Resumes and Cover Letter Online

Cover Letter Resumes HR 1000 Words

Complete edit and rewrite of your resume, custom design, Improved and key word optimized

What is a cover letter and why do I need one?

Resumes And Cover Letters There always seems to be a lot of confusion surrounding the content and purpose of cover letters. Job seekers seem perpetually unsure about whether they should write one or not.

Granted, not all employers require candidates to include a cover letter with their application. But since when is going above and beyond a negative trait in a job candidate?

“Bottom line: no manager will rule out your application because you sent a cover letter. But some managers will rule out your application because you didn’t,” says Louise Fletcher, resume writer and president of Blue Sky Resumes. “Depending on which type of manager is hiring, it might never be read. But it also might be the clincher that gets you the interview.”

A cover letter can be one of the most effective tools at a job seeker’s disposal. And, as with any tool, it’s better to have it and not need it than to need it and not have it. Of course, the first step is understanding what a cover letter is for in the first place.

What’s the point of a cover letter?

One of the biggest problems job seekers have with writing cover letters is figuring out exactly what they’re supposed to include. Between an application form, a resume and a list of references, the employer already has plenty of information about you – or so it seems, anyway. So what could a cover letter possibly add?

“Don’t look at a cover letter as just some other hoop you need to leap through in order to be considered for a job,” says Alex Twersky, co-founder and vice president of career consulting firm Resume Deli. “Your cover letter, if written properly, provides a narrative opportunity to emphasize your grasp of the job’s requirements and how your particular skills and accomplishments map to the job.”

“Managers are looking for you to show that you understand their business and that you care about what they need,” says Fletcher. “The cover letter is the only way of showing this, and that’s why you need to write a strong, customized letter that directly addresses the company’s needs.”

A good cover letter is actually a lot more like an interview than a resume. It’s your opportunity to become more than just data points on a hiring manager’s checklist.

What makes a good cover letter?

Even after you’re aware of why you need a cover letter, writing a really good one is not an easy task. Here are some things that can set yours apart:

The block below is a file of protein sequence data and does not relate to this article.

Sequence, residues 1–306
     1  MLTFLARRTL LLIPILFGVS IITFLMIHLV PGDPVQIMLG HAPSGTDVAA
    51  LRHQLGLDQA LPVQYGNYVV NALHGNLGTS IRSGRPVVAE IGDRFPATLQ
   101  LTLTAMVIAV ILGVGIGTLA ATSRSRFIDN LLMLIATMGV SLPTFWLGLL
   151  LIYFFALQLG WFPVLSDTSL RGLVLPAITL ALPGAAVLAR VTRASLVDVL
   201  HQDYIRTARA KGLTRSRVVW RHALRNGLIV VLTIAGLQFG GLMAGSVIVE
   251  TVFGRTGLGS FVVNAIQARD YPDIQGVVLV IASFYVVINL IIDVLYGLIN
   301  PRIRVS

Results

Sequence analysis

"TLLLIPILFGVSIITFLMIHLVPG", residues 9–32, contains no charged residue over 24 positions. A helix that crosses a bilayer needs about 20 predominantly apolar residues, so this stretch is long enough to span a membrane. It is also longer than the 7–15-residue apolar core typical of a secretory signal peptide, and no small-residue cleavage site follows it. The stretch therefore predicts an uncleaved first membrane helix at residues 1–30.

• Personalization
  • Adjusting your resume to best suit the position you’re applying to is important, and it’s even more crucial when it comes to cover letters. Research the company and take some time to consider how your skills and experience line up with their needs. Keep that in the back of your mind while writing your cover letter.
  • Personality
  • Application forms and resumes tend to be pretty bland – but your cover letter doesn’t have to be. “If you’re going to send a boring, generic letter, there’s no way for a hiring manager to get a sense of your communication style or personality,” says Michele Mavi, director of internal recruiting and content development at Atrium Staffing. “Even worse, they may assume that your lack of originality means you’re incapable of it, or at the very least, that the position isn’t important enough to you to put any effort into your cover letter.”
  • Knowing your audience
  • Inject some personality into your cover letter, but don’t get carried away. Remember to keep it professional. “Whatever approach you take, be sure you understand the culture of the organization you’re applying to and write with that voice in mind,” says Mavi. “Companies aren’t just looking for people with the right skills; they are looking for people with the right skills who fit into their culture as well.”
  • Demonstrating your skills
  • “Don’t just regurgitate your resume content in your cover letter,” suggests Twersky. “Instead, figure out what business problems your reader is likely kvetching about, and then tell them — right here in your cover letter — how you would go about addressing them. This shows that you’re thinking, and a true problem-solver.”

Writing the perfect cover letter may be difficult, but it’s not impossible. By following these simple guidelines, you’ll be well on your way to submitting a cover letter that will set you apart from the crowd.

The cover letter may be the best place to show off your personality, but that doesn’t mean you can disregard your resume. Make sure yours is up to snuff with 5 traits of a resume that will get you hired.


Leave a Comment

Your email address will not be published. Required fields are marked *

Scroll to Top
error: Alert: Content is protected !!